EXETER TWP. — The latest in a series of legal volleys over a proposed residential addiction treatment center in the village of Harding was lobbed in Luzerne County Court on Thursday.
Attorney Bruce J. Phillips of Plains responded to Exeter Township’s appeal of the approval his client, Dr. Robert Dompkosky of Mountain Top, is claiming he already has to open his proposed Sutton Creek Center for Change.
In it, Phillips essentially says that since his client never agreed to an extension of a key deadline, the township has no grounds to stop him.
Dompkosky, an emergency room physician, is proposing a 50-bed inpatient drug and alcohol counseling facility at the site of a former elementary school in a residential area. To move ahead, he needs a zoning exception, which he requested in February. When the township’s Zoning Hearing Board failed to hold a public hearing on that request by a state mandated deadline, the doctor and his lawyer claimed victory by default.
The township’s Board of Supervisors appealed the doctor’s claim of approval by technicality in Luzerne County Court on June 22. On July 3, a group of people who live near the site of the proposed facility followed suit, filing their own appeal.
The court has yet to take action on the case.
In Thursday’s filing, Phillips admits he corresponded with Zoning Hearing Board Solicitor Thomas J. Killino about scheduling the public hearing on Dompkosky’s request, but said neither he nor his client ever agreed to extend the deadline by which to hold it.
State law requires a hearing on a request for a zoning exception be held within 60 days of application for it, unless the applicant agrees in writing to an extension. In Dompkosky’s case, he requested the zoning exception February 21. The 60-day deadline expired April 22.
None of the letters exchanged by Phillips and Killino between April 18 and May 7 mention the idea of extending the hearing deadline, which Phillips argues proves his point. But Killino said Thursday, the fact that Phillips, in his letter dated April 18, suggested eight hearing dates in May—all after the original deadline—actually bolsters the township’s position.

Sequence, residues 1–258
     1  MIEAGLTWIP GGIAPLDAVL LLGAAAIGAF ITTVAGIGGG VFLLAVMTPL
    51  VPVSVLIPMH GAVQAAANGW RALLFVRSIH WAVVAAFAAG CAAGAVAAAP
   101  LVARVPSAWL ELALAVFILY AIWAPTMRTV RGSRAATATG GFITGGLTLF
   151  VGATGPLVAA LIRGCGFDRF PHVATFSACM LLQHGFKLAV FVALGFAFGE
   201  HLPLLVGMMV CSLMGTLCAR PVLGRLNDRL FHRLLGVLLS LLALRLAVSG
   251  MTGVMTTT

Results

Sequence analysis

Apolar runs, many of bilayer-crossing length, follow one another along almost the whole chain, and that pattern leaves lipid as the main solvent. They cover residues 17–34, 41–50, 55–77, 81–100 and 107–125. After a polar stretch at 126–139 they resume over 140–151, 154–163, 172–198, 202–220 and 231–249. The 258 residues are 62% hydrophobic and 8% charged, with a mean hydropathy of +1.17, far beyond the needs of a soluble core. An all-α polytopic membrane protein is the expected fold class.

“My point is this, the letters were going back and forth purely to accommodate his client and why would he submit dates beyond the deadline he thinks we should be held to,” the solicitor said. “I’ll tell you why. Somebody figured it out later and decided to try to pull a fast one.”
In response to Phillips’ April 18 list of proposed hearing dates, Killino wrote a letter April 25 requesting additional dates in June because few on the first list would have given the township time to adhere to the 30-day public notice required to be given of a scheduled hearing.
Rather than offer additional dates, Phillips notified Killino in a letter May 15 that, after reviewing his files, the lawyer found the township was “currently well beyond the time period in which the required hearing must be” held. As a result, Phillips claimed an automatic approval and requested the zoning board give public notice of it.
When the township failed to act on that, Phillips and Dompkosky did so, filing notice of a deemed approval with the township and neighbors within 200 feet of the property. They also posted notice at the property itself, and had a notice published in the local newspaper.
In the meantime, Killino scheduled a public hearing for June 25 and Phillips indicated in interviews with a local newspaper he and his client intended to attend for informational purposes only. Later, Phillips reconsidered and after telling Killino he and Dompkosky would not attend, the hearing was canceled.